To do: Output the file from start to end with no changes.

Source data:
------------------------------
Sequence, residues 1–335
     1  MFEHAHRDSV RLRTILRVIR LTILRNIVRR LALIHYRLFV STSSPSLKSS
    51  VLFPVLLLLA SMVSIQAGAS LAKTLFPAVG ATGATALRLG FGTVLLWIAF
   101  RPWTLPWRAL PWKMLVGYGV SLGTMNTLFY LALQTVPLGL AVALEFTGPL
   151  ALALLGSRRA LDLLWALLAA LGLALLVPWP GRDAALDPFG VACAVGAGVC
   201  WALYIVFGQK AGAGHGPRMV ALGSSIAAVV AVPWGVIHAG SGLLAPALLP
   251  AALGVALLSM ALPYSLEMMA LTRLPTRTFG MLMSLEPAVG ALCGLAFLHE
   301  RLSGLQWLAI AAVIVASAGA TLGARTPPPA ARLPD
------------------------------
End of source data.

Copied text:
Sequence, residues 1–335
     1  MFEHAHRDSV RLRTILRVIR LTILRNIVRR LALIHYRLFV STSSPSLKSS
    51  VLFPVLLLLA SMVSIQAGAS LAKTLFPAVG ATGATALRLG FGTVLLWIAF
   101  RPWTLPWRAL PWKMLVGYGV SLGTMNTLFY LALQTVPLGL AVALEFTGPL
   151  ALALLGSRRA LDLLWALLAA LGLALLVPWP GRDAALDPFG VACAVGAGVC
   201  WALYIVFGQK AGAGHGPRMV ALGSSIAAVV AVPWGVIHAG SGLLAPALLP
   251  AALGVALLSM ALPYSLEMMA LTRLPTRTFG MLMSLEPAVG ALCGLAFLHE
   301  RLSGLQWLAI AAVIVASAGA TLGARTPPPA ARLPD